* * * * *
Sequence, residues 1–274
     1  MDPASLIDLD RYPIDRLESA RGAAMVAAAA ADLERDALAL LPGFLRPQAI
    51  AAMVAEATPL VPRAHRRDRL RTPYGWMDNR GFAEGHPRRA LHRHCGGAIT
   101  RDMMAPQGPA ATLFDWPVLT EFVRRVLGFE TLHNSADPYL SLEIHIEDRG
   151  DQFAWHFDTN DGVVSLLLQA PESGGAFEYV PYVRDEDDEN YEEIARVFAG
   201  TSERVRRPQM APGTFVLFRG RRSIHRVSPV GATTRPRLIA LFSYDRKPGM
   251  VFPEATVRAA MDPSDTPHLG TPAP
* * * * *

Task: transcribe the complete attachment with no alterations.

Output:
Sequence, residues 1–274
     1  MDPASLIDLD RYPIDRLESA RGAAMVAAAA ADLERDALAL LPGFLRPQAI
    51  AAMVAEATPL VPRAHRRDRL RTPYGWMDNR GFAEGHPRRA LHRHCGGAIT
   101  RDMMAPQGPA ATLFDWPVLT EFVRRVLGFE TLHNSADPYL SLEIHIEDRG
   151  DQFAWHFDTN DGVVSLLLQA PESGGAFEYV PYVRDEDDEN YEEIARVFAG
   201  TSERVRRPQM APGTFVLFRG RRSIHRVSPV GATTRPRLIA LFSYDRKPGM
   251  VFPEATVRAA MDPSDTPHLG TPAP